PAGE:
The largest human-created battery in the world is in Virginia. It is a pumped hydroelectric dam. This battery consists of two open reservoirs of water, one of which is uphill from the other. When area power plants generate excess energy or demand is low, this facility uses the electricity to pump water from the lower reservoir to the upper. When demand for electricity is high, the water flows back down, through a normal electric turbine, producing electricity, technically converting water pressure back into electricity.
According to NOVA, “about 99 percent of all grid storage in the United States is pumped hydro. It would be a relatively inexpensive way to store excess energy from renewables for later use, except for one problem. You need the right geography for the site, with changes in elevation. And even then, creating new ones can raise environmental concerns.” Also, energy is wasted in these open lakes when water evaporates.
What about salt/water electrical batteries? If we could use salt water from the ocean to make a battery, we would have an abundant cathode. Plus, sodium is more resistant to catching fire than lithium. However, some sodium battery technologies use hard carbon as an anode, which pairs well with lithium but is harder to come by than graphite.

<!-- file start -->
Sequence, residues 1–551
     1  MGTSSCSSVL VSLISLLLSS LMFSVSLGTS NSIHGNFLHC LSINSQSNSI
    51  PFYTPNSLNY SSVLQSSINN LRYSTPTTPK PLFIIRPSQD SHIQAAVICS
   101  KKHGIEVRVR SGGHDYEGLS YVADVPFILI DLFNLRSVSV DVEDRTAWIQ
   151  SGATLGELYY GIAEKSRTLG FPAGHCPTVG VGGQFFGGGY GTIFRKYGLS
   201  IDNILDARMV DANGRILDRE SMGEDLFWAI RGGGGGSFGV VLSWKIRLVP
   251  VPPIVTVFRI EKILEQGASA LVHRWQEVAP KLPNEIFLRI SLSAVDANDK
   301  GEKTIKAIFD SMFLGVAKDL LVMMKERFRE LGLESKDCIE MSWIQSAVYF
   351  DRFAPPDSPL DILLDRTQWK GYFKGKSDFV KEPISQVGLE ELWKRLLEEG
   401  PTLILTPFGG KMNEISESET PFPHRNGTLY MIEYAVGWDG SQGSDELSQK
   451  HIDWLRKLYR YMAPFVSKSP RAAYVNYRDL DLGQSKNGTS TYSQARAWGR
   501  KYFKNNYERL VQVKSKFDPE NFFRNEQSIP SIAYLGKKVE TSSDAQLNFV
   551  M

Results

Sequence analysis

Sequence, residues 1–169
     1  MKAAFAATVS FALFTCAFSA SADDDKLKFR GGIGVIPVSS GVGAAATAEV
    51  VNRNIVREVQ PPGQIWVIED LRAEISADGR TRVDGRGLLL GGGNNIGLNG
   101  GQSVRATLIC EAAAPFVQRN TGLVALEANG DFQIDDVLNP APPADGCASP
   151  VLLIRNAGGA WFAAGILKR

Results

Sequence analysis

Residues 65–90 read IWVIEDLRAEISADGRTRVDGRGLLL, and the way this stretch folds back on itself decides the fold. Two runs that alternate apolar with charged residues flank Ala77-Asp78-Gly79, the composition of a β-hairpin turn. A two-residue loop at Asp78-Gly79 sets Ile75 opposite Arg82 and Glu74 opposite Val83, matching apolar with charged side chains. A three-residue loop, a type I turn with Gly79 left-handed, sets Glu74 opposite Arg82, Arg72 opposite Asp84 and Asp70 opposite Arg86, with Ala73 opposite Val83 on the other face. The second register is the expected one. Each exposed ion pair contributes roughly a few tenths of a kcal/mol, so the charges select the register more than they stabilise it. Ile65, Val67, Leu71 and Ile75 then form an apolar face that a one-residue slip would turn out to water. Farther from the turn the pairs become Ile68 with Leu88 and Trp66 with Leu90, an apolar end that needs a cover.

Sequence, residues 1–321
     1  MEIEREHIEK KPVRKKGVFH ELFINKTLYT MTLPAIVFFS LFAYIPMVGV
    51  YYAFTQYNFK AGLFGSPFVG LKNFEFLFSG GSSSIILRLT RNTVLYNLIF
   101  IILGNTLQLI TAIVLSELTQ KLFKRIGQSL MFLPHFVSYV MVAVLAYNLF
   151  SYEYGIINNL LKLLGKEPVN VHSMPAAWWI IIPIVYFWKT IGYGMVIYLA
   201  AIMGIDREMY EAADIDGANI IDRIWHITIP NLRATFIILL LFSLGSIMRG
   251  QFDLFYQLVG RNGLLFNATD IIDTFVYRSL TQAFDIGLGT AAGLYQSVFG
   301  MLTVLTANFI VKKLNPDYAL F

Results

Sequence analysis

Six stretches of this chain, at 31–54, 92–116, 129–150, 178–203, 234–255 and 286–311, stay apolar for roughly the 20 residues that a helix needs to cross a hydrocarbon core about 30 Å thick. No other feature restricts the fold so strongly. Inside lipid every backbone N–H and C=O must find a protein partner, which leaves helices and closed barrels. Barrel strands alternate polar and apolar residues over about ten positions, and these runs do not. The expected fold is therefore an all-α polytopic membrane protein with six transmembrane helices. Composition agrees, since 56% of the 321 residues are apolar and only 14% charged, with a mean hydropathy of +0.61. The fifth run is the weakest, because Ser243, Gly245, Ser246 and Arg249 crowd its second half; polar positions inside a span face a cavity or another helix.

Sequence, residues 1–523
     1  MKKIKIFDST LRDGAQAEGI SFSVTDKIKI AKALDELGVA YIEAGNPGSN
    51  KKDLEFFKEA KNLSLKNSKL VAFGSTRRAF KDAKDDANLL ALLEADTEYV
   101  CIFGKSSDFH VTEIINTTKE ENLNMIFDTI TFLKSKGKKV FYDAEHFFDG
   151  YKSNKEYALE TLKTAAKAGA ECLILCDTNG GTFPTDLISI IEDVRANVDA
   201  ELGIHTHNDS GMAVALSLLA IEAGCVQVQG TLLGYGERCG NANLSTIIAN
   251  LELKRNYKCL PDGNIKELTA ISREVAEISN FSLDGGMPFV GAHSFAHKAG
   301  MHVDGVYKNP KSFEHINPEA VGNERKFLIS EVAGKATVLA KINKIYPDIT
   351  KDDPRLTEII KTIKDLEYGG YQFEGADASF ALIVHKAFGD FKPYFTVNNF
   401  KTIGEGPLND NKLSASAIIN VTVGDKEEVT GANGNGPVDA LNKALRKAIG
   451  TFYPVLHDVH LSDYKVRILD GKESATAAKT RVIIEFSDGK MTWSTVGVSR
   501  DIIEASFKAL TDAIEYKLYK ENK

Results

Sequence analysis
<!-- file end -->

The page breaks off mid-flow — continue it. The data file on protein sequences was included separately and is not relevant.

Salt/water might not be a small- or medium-scale option. Water takes up more space than a couple of thin layers of lithium-ion cells. (Many round batteries are simply rolled, layered sheets of anode/electrolyte/cathode sheets.)
Another battery technology on the horizon doesn’t use water or chemical reactions, just a big metal wheel. Flywheel batteries are exceptionally well-balanced, round steel objects magnetically levitated in an enclosed tank. When there is excess grid energy, a mechanism quickly spins the wheel. When electrical energy is needed, the momentum of the wheel is used to spin a generator and send power back into the grid.
These relatively simple battery systems are looking to scale up to industrial-grade use. Temporal Power in Ontario, Canada, is currently building a megawatt of flywheel storage.
On the nonmetal front, an interesting battery concept uses solar energy to convert CO2 into methane, with a catalyst. The process isn’t super-efficient but the sun comes up every day and methane stores well. This process would produce a gaseous fuel to be used by conventional natural gas infrastructure and power plants for cloudy days.
Another battery factor to consider relates to abundance. Development of a new battery made from material located in a few parts of the world may throw us into another oil scenario. Lithium generally is plentiful, found close to the surface of the earth. And sodium and water cover most of the earth. However, these substances may not provide enough output to change the battery landscape.
It is hard to tell which battery technology will surpass lithium-ion or if we will keep a focus on making that technology safer. Upgrades in batteries may keep our phones powered up longer but should do much more.
Abundant batteries that could efficiently store electricity from solar and other renewable energy technologies would fundamentally shift the way we live with power. In a world with new batteries, the average home may not need a connection to the traditional electrical grid at all.